Princeton satellite successfully heads to the 'edge of space' to study the early universe
With a noise like giant flags billowing in the wind, the massive white helium balloon rose into the air and carried SPIDER, a telescope designed to investigate the origin of the universe, high above Antarctica. The successful Jan. 1 launch signaled the beginning of a roughly 20-day mission above the continent.
"At this early stage things are looking as good as we could hope," said William Jones, an assistant professor of physics at Princeton University, in an email from Antarctica. Jones is the leader of the multi-institution effort to launch the balloon-borne telescope.
Updates from the SPIDER team are posted to Princeton's SPIDER blog, and the instrument can be tracked on the Columbia Scientific Balloon Facility's website. A September story and video detailing the SPIDER mission are available on Princeton's website.
Pushed by circumpolar winds, the balloon will carry SPIDER at an altitude of roughly 120,000 feet while the instrument's six cameras search for faint remnants of gravitational waves left over from the Big Bang during a rapid-expansion process known as inflation. According to Jones, SPIDER is "an experiment that can extend the horizons of our knowledge to, quite literally, the beginning of time."
The launch, at a facility about 10 miles from McMurdo Station, came after a day of uncertainty over whether the attempt would be scrubbed due to excessive wind, said Zigmund Kermish, an associate research scholar at Princeton.
"Everyone wants the textbook smooth launch, but it's a real challenge to line up the launch vehicle just right with the balloon, payload and flight line in the limited time available," Kermish said. "When the pin was released and our payload [SPIDER] snapped forward and started ascending, I simultaneously felt relief, fear and immense pride in the team for what we'd accomplished."
Jones credited his team with the success of the launch, especially the graduate students and postdoctoral researchers. "These young people work so hard, for so long," Jones said. "Then, in a matter of less than a minute, this product of their hopes and dreams, sweat and blood, is violently flung off the end of the launch vehicle and begins its ascent to the edge of space."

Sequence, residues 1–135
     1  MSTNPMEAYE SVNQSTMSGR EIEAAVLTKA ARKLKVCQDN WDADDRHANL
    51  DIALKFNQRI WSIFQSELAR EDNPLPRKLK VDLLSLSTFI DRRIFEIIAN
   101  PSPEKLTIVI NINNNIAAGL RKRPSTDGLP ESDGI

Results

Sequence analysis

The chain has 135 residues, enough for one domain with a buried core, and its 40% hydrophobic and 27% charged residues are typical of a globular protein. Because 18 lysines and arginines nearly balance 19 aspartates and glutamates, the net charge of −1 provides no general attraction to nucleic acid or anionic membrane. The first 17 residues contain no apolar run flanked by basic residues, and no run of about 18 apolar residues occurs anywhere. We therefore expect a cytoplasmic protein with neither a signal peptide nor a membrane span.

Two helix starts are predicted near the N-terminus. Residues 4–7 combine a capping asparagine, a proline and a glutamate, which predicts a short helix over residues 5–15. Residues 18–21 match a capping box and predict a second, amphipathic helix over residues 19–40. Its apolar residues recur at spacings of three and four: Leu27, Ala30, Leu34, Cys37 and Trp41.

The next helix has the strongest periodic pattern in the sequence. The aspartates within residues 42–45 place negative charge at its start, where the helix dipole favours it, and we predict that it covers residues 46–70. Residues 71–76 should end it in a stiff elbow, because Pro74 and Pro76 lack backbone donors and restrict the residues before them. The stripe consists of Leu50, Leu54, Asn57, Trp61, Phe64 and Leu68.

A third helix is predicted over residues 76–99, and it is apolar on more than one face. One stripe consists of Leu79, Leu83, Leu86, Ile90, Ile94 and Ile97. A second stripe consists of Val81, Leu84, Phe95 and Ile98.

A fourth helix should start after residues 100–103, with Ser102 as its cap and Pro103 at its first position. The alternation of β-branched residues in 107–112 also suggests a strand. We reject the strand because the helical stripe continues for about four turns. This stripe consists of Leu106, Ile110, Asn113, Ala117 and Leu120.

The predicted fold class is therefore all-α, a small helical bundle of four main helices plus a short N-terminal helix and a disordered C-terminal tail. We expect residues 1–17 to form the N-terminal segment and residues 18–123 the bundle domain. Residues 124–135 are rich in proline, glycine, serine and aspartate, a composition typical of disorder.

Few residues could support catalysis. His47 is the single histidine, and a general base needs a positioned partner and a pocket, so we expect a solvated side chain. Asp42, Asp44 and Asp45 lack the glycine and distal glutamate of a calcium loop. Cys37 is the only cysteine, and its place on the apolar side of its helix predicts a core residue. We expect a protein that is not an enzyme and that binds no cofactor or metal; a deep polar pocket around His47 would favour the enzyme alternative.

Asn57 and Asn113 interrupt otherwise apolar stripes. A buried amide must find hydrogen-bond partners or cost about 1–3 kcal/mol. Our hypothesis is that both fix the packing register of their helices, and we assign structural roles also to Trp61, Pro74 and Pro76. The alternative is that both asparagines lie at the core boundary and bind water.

The collaboration behind SPIDER — formerly an acronym but now the project's formal name — includes the University of Toronto; Case Western Reserve University; the California Institute of Technology and the Jet Propulsion Laboratory, a NASA-funded research center managed by Caltech; and the University of British Columbia.
Now that the craft is airborne, every minute of the flight is precious, Jones said. "We have three shifts staffing an operations room in Antarctica 24/7, watching for system faults, fixing them when necessary and generally enforcing strict discipline on the duty cycle of science observations," he said.
Jon Gudmundsson, a Princeton postdoctoral research associate, said the team won't relax until the flight is over and the data are safely collected. Once SPIDER floats back to Earth in early January, the researchers have about a week to locate it and retrieve the recorded data. Recovering SPIDER depends on where it lands, which could be near the launch site, or somewhere on the ice shelf that requires a trek on skis or by tractor to haul the instrument back. The researchers must be gone by mid-February before the onset of the severe Antarctic winter in March.
"Tired and teary-eyed, we would like to celebrate the successful launch, but we also realize that the fruit of our labor is defined by the flight as a whole, not just the launch," Gudmundsson said. "We are therefore forced to remain focused until the very end of our flight."
SPIDER is funded largely by a grant from NASA (no. NNX12AE95G) and the David and Lucile Packard Foundation, as well as the National Science Foundation, the Columbia Scientific Balloon Facility, the Natural Sciences and Engineering Research Council of Canada, and the Canadian Space Agency.